If you look at Saints in our Book, you will find that there is systemic discrimination against younger monks.
Most "Saints" have been here since 2002 and there is a standard deviation of 3. If I remember correctly from the stats class I took twice, that means, I'm probably being screwed. The Median User Since Year (MUSY) is even less than the average (AUSY), but still in year 2002. This indicates a central tendency and predominance of Saints that locked eyes on their future spouse over spilled punch cards; spare me.
If PM is to survive and enter the prefigurative age, we are going to need link. Empower the younger generation to carry on the torch!
First, I love PerlMonks. It's the very first community I really felt a kinship with on the internet back in the day when CGI was king and Perl was it's handmaiden. And PerlMonks is still a great resource for connecting with people who really love and appreciate Perl and, more importantly, love sharing their love for the craft of Perl programming.
But I have to say that I think it's success has come despite the aging, creaking interface that is PerlMonks. Now, I don't want to be too harsh. In fact, I suppose part of PerlMonk's charm now is its aging, creaking interface. And I'm more than happy to put up with it and forego StackOverflow for certain questions simply because this is much more of community and it's less transactional than StackOverflow. There's lots of really cool people here and if you are going to be a proper Perl programmer and truly understand the culture of Perl, being on PerlMonks is kind of a requirement.
I also want to be careful not to crap on the people who operate this site. It still works good enough and I am grateful for the people who operate it. So thank you!
That said, every time I come to PerlMonks I have to wonder why the PerlMonks interface is frozen in 2001. Is it lack of resources? Lack of manpower? Lack of interest? Was the original PerlMonks code written in such a way to make it nearly impossible to upgrade the interface? A little bit of all of the above?
And from a marketing perspective, does sticking with an older interface contribute negatively to the perception that Perl is programming language of the past? I'm willing to bet a lot of potential new Perl programmers, who don't yet have the wisdom of the more seasoned folks around here, abandoned this site because of the interface. It's a shame because PerlMonks is just a totally awesome place.
And look, I'm not calling for a total overhaul. But even minor improvements would be great like not having to type HTML into the textareas or having to refresh the page to see new chatbox messages.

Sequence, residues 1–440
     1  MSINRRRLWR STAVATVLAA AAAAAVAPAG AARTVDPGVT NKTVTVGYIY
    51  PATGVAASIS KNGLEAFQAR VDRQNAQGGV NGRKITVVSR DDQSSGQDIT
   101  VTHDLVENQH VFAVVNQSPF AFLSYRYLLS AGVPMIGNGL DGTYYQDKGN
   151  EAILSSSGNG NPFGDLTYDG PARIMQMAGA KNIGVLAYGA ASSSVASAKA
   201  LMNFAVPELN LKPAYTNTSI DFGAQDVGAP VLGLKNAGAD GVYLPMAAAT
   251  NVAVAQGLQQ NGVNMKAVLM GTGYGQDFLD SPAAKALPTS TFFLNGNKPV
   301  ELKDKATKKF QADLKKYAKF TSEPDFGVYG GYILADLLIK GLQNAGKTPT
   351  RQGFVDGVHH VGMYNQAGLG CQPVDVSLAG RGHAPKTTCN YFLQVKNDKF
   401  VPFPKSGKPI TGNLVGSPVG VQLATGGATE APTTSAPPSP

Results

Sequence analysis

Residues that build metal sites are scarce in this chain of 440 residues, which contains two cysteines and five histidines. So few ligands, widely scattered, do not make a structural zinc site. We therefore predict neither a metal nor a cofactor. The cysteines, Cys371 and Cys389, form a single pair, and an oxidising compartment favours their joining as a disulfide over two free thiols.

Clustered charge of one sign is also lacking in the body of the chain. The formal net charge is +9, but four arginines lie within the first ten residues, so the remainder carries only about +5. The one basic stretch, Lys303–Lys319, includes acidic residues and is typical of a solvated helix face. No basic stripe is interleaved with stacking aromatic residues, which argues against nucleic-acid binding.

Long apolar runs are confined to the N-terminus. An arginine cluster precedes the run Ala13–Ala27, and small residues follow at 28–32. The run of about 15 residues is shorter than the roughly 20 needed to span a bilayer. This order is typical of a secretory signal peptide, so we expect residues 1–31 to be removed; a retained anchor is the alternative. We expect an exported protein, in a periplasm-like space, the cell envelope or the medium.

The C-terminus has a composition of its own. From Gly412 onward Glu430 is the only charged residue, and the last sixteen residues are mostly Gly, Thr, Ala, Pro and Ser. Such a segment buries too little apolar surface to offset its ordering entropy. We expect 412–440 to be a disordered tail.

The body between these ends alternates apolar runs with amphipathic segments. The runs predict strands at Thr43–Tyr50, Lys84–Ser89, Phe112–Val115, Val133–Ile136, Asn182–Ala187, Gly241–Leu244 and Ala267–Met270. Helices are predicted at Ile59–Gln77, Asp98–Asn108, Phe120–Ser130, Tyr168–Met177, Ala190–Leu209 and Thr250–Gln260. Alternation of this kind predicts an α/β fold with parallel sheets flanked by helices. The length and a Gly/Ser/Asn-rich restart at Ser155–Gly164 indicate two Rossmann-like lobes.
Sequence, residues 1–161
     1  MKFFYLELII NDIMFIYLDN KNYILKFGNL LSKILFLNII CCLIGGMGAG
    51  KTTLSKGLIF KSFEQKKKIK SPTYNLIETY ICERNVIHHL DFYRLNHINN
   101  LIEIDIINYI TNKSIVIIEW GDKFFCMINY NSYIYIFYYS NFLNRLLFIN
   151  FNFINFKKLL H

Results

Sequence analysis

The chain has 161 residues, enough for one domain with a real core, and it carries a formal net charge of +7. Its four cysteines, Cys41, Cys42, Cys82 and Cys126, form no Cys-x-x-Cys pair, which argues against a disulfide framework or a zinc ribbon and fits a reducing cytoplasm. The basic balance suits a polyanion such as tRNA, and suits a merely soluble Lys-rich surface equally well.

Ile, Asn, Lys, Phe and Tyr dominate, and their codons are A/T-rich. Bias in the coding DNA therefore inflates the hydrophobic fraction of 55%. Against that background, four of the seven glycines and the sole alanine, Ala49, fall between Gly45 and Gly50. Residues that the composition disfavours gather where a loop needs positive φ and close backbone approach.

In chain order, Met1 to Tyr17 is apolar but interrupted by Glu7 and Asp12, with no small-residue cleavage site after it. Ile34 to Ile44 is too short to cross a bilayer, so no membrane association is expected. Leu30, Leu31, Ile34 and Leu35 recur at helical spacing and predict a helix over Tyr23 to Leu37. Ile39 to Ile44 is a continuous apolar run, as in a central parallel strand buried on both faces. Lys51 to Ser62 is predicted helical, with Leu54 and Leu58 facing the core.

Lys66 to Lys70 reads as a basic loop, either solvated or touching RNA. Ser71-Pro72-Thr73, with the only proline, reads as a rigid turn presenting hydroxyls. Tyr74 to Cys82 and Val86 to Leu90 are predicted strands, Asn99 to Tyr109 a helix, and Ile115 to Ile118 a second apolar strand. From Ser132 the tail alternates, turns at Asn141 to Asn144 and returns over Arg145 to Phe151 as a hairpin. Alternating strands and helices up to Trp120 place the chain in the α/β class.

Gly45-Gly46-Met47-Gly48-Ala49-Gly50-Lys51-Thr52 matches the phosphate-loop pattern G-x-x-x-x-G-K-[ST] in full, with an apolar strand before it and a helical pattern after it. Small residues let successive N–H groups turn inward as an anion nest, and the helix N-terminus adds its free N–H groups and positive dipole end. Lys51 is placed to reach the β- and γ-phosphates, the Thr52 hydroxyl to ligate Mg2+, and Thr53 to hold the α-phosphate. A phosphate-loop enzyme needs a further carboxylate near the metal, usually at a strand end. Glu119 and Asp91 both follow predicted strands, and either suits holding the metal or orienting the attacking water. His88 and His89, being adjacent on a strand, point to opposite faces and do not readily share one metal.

Yes, PerlMonks is good enough, but I keep wondering what holds it back from becoming just a little bit better. Any insight to satisfy my curiousity is appreciated so I can quit wondering.
I've made several attempts to front-page "Turning very larger numbers into an array of bits" ([id://1181114]) without success.
Each time, I've checked "FrontPage" and clicked "moderate"; some processing appears to occur;
then the page is displayed with "FrontPage" unchecked: no errors or warnings are emitted.
The page is currently approved.
It appears correctly (as far as I can tell) in: SoPW; RAT; and Newest Nodes.
I can access the page from all of those places.
It does not appear on the Front Page (i.e. it's not just some issue with the "FrontPage" checkbox display).
Other than that, it appears to be functioning normally:
I have no problems viewing it; I've voted on it; I've voted on a reply; I've replied to it myself.
The nodelets are displaying without the usual small font and blue border at the moment, just plain text, still aligned at the right of the page, web inspector isn't showing any errors. Did something change?
PerlMonks forms used to specify a maximum password length of 8 characters while it was possible to give yourself a 10-character password by bypassing these forms. Now the forms specify a maximum password length of 10 characters.
I must have missed something. It must be so. I don't want to believe that it took three f***ing years to increase the password length by just two characters and call that "case closed". I don't want to believe that after 7.5 years, perlmonks still stores passwords unhashed, unsalted in plain text.
But still, there is a link to What's my password? on the login form, it still requires just a username or a mail address, and it sends me my password in plain text in an unencrypted mail, together with my username!
You or someone else has requested a password for your username or e-mail
Before you freak out, take a few deep breaths and remember that it's YOU
and not THEM who is getting this password.